When Realism Becomes Capitulation



Action from principle, the perception and the performance of right,
changes things and relations; it is essentially revolutionary,
and does not consist wholly with anything which was.


One of the most dangerous aspects of the present cultural and social counterrevolution is the widespread belief that capitalism is here to stay, that it is a “natural” social order, and that attempts to change its basic structure are futile and irrelevant at best and pernicious at worst. This belief, the conventional wisdom of the present generation, is now deeply rooted in the “children of the sixties,” the hell-raisers of 1968, who upon reaching middle age have found new pathways back to the society that they once denounced with insurrectionary theatrics. Nothing is more distasteful than 1960s anarchists and socialists who, roaring with “revolutionary” declamations a generation ago, have now ensconced themselves in the academy, professions, and business–and are currently waging an unrelenting criticism of positions that radically challenge the present social order as “sectarian.”

We have already encountered this message from former socialists who have transformed themselves into so-called “radical democrats” and from former anarchists who have transformed themselves into what Deleuze and Guattari have called (in all seriousness!) “desiring machines,” focused on a Yuppie pursuit of self-expression and a fulfilled “personhood.” If, as refurbished “radicals” now tell us, socialism in all its forms is a lost cause; if liberal capitalism is the best outcome we can expect from humanity’s long journey out of animality; then any hope that people can ever share this planet with one another in a benign, caring, and ecological way–indeed, that reason can shape social development to achieve the historic aim of an ethical society–has been mindlessly jettisoned. Humanity, we must suppose, can no longer attempt of its own free will to produce a cooperative society, and its future must be founded on a variant of the Hobbesian notions of a war of all against all.

No one, to be sure, can deny the right of 1960s socialists and anarchists to embrace the status quo in their various ways or adopt restful ideologies that threaten nothing in the established social order. But the difficulty that former radicals face, alas, is that capitalism will not leave them in peace. Society will not allow them to enjoy the economic and political quietude so necessary for stasis. Like natural evolution, social evolution goes on, and no “end of history” has produced the ideological and psychological certitudes on which to create a world of adaptation and self-satisfaction. Wrong as Marx was about the hegemonic role of the proletariat in transforming society, he was brilliantly insightful in delineating the explosive contradictions within capitalism–to which we today can add the inevitable contradiction between capitalist society and the natural world.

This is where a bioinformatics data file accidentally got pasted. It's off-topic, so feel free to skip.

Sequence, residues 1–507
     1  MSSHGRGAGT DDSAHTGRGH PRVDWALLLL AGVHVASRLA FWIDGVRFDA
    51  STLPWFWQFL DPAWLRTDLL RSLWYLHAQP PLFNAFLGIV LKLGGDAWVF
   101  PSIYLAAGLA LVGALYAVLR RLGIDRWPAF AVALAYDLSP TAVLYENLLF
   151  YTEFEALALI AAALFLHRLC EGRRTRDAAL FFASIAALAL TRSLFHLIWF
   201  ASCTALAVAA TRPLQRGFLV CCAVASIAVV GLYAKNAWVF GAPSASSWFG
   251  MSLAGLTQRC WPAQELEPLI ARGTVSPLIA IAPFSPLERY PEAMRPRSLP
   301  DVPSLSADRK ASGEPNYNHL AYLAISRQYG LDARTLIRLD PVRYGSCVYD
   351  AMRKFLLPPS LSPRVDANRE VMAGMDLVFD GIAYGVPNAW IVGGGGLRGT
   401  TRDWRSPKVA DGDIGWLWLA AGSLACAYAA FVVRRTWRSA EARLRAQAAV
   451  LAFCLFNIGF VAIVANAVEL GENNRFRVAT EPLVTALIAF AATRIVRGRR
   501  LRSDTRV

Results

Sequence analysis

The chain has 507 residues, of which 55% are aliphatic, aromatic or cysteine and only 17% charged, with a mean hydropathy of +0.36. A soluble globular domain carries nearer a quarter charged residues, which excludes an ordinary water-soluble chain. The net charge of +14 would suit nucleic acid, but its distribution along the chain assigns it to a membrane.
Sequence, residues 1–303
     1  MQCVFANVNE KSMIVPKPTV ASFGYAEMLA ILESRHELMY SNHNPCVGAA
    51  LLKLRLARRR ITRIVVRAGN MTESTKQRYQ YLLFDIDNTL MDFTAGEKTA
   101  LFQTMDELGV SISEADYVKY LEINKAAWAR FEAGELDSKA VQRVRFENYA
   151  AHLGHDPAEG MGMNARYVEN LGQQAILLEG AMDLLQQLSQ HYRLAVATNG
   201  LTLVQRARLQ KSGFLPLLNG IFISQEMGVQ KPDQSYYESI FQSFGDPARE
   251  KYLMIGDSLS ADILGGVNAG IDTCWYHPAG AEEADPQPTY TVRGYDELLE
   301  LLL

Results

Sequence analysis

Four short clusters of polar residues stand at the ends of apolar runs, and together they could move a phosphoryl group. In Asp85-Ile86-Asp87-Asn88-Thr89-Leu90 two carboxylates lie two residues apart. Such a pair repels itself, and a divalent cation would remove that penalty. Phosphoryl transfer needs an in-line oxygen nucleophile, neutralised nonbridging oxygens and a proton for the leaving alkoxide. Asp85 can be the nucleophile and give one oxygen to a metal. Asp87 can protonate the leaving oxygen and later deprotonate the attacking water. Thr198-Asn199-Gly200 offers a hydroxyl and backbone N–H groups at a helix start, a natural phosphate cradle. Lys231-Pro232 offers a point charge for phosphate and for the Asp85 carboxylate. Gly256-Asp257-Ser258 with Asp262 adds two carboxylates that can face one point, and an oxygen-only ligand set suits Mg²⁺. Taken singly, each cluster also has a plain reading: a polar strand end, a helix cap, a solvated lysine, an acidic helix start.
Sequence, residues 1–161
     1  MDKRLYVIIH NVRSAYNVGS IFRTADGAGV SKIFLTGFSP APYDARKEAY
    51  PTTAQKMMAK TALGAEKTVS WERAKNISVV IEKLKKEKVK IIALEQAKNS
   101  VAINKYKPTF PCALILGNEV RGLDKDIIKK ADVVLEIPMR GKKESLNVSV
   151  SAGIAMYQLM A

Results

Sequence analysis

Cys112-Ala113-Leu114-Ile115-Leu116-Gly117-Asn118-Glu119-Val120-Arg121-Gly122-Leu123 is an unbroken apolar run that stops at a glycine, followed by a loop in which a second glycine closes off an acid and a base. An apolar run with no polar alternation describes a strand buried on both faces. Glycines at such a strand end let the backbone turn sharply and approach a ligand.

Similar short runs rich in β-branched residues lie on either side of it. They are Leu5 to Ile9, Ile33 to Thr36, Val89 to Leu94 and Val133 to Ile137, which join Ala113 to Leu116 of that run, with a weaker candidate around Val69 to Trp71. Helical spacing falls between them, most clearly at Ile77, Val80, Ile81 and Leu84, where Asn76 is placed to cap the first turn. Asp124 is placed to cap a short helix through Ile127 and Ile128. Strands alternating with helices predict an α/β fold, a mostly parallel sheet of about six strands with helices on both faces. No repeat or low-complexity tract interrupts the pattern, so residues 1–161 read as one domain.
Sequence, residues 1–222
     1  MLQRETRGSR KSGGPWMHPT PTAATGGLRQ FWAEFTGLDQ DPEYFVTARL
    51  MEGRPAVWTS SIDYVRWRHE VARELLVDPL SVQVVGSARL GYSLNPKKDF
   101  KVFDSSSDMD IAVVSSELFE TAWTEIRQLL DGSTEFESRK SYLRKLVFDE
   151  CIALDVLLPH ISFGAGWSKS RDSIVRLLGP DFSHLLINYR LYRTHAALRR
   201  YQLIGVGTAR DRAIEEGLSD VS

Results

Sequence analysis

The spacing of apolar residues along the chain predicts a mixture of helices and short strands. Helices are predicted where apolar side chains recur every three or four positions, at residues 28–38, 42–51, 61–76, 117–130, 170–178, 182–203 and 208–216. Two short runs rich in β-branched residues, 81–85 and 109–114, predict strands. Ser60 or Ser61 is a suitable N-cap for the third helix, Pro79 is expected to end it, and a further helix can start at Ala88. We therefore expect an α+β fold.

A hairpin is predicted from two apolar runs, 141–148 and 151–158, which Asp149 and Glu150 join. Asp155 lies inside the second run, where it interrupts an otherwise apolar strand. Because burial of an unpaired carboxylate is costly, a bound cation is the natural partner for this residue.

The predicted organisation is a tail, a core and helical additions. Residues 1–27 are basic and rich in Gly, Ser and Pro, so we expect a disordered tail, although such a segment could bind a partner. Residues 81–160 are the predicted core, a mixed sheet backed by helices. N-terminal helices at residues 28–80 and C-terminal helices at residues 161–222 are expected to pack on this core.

The great tradition, born from past revolutions both of society and of the mind, must be preserved if we are to retain our own humanity and a sense of hope. We hold the conviction that a truly communistic society is not only possible but necessary as the outcome of humanity’s potential for freedom and self-consciousness; that reason can guide human affairs within society as well as our dealings with the natural world; that the hovering shadows of a dismal, fearful, and antirational past, with its mystical appeals to and denigration of the human spirit, can be effaced by enlightenment, secularity, and a commitment to progress.

If libertarian socialism in some form is not to be part of humanity’s destiny, and if reason is to be merely a contrivance for adapting to the status quo or its basically bourgeois permutations, then what passes for consciousness today is adaptive rather than innovative and more animalistic than potentially human. In the face of today’s massive surrender of erstwhile leftists, one is tempted to cry, “If you cannot challenge the foundations of this malignant social order, then have the decency to refrain from calling those who still do ‘sectarian’ and ‘dogmatic.’ Pray, do not lecture those who are still trying to carry on the revolutionary tradition, the centuries-long struggle for a cooperative society and a truly democratic politics, on the need for a new ‘realism’ and ‘pragmatism'”–least of all at a time when social and ecological collision threatens to attain apocalyptic proportions.

To “radical democrats” and lifestyle anarchists, we would like to suggest that they find what niche they can in this increasingly constrictive and barbarous world, and luxuriate in it with all the fantasies they please. But have the moral probity to recognize that in the present time, nothing could be more indecent that to condemn the revolutionary tradition, its visions of a free, cooperative, and ecological society, and its adherents committed to serious social action in a lived public sphere as “sectarians” and “dogmatists.”

If the persistence of radical commitment is troubling because it recalls former ideals worn down by three decades of defeat, and now replaced by an ugly cynicism, then by all means shed these ideals completely, without diluting them into reforms that provide a patina for modern capitalism. But should a future generation emerge that knows nothing of the revolutionary tradition because it has been removed from academic and public “discourse,” the phrase “human spirit” will be a euphemism for cultural barbarism, spiritual death, and a self-indulgent narcissism.

—The Social Ecology Project